Project WolverineBroadcasting LIVE from the orbiting command centre

There’s an interesting question being asked at Big Spaceship: what does responsive design really mean?

It makes the assumption that ‘mobile’ web use is just a trend, and it would be foolish to put all the effort into addressing ‘mobile’ design issues, since the Next Big Thing might render all that obsolete.

They suggest focusing on content and its use, rather than the context.  I had to think about that for a bit.  Accessing the web via a mobile device is ‘context’, but how else might it be done?  If I had to guess, I would suggest that future devices might offer more limited user interfaces – televisions, the dreaded fridge door (you’re out of milk), hell even my toothbrush.  But all of these will offer fewer options than the traditional desktop and laptop.

So the suggestion (as I understand it) is to think long and hard about the actual content and how it will be used, and build the design to accommodate those user needs in a responsive fashion – something that can be re-purposed for the next trend.

What this article forgets though, is to consider the ‘return on investement’ – ROI.  Projects don’t have an infinite lifespan, and the business will be looking to measure some benefits across a particular timespan.  I’ve found that websites and Internet initiatives don’t usually last longer than 4 or 5 years at most.
So, the content you’re including, and the design that comes with it only has to look at the current context and uses for the next 4 years.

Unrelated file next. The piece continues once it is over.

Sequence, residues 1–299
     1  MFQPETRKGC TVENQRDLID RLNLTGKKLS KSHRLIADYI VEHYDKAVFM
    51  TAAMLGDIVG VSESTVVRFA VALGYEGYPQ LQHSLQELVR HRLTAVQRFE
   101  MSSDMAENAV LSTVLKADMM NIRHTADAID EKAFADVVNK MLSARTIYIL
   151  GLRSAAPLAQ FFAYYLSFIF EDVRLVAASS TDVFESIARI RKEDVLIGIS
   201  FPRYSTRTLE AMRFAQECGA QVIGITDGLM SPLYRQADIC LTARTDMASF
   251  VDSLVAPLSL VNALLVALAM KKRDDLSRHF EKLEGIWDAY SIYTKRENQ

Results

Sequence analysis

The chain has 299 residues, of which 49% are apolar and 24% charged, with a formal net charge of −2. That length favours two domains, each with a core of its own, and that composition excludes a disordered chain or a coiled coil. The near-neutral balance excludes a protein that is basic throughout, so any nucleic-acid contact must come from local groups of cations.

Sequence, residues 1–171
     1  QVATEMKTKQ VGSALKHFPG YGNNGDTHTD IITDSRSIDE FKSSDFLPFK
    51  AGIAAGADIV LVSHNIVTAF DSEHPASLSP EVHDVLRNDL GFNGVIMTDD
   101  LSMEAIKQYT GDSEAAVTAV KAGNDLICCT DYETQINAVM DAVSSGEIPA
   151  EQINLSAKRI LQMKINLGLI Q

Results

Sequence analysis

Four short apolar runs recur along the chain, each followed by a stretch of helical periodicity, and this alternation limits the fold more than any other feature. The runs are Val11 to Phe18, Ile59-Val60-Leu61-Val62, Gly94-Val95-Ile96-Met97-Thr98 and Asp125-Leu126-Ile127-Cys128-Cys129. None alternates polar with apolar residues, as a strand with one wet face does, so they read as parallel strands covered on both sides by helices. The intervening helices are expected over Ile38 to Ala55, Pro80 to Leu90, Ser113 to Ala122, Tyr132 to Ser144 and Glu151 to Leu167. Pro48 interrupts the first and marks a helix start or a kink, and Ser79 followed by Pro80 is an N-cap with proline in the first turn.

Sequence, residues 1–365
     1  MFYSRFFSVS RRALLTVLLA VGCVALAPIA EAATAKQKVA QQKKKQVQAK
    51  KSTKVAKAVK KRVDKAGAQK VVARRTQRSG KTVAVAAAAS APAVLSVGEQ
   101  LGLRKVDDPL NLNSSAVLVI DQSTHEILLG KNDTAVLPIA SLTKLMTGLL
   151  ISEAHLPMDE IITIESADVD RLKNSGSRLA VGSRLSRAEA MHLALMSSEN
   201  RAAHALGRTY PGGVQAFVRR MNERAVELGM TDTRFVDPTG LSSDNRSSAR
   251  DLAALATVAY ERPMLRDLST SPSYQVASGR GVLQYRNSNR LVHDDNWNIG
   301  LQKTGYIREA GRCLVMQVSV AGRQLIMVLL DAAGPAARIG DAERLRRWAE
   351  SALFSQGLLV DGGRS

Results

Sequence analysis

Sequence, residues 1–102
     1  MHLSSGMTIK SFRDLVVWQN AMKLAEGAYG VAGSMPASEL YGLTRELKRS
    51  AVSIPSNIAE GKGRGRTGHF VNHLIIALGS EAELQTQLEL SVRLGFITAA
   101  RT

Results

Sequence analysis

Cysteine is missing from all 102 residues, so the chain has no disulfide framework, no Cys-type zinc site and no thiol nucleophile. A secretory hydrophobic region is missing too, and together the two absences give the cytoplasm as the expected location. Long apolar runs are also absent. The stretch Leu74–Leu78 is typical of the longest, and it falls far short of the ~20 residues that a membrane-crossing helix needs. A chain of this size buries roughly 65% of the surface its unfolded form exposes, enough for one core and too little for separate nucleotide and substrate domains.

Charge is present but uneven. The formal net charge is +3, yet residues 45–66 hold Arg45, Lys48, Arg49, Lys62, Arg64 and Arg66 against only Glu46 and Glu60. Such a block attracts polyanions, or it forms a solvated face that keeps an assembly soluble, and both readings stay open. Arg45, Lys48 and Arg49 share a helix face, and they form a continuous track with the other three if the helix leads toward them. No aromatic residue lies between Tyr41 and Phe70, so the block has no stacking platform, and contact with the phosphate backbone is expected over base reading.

For instance, right now, building something with a heavy mobile phone focus probably isn’t a bad idea.  The original iPhone came out in 2007, so if you had released your new strategy the day before the iPhone was announced, now would be the perfect time to move to a mobile-focussed approach.  You’re not too late, and you can still play catch-up.

In a 4-5 year window, you don’t see multiple technology shifts, so picking the current platform is a safe option and you don’t need to be an early adopter – if your 4 year web strategy was created at the start of 2011, and some new ‘thing’ was released in 2012, then you’ll have 2 years to assess the impact of this new development on your target market and to include it if necessary the next time.

So in my opinion, don’t bother trying to predict the future more than you absolutely have to – take the current trends and build on top of those.

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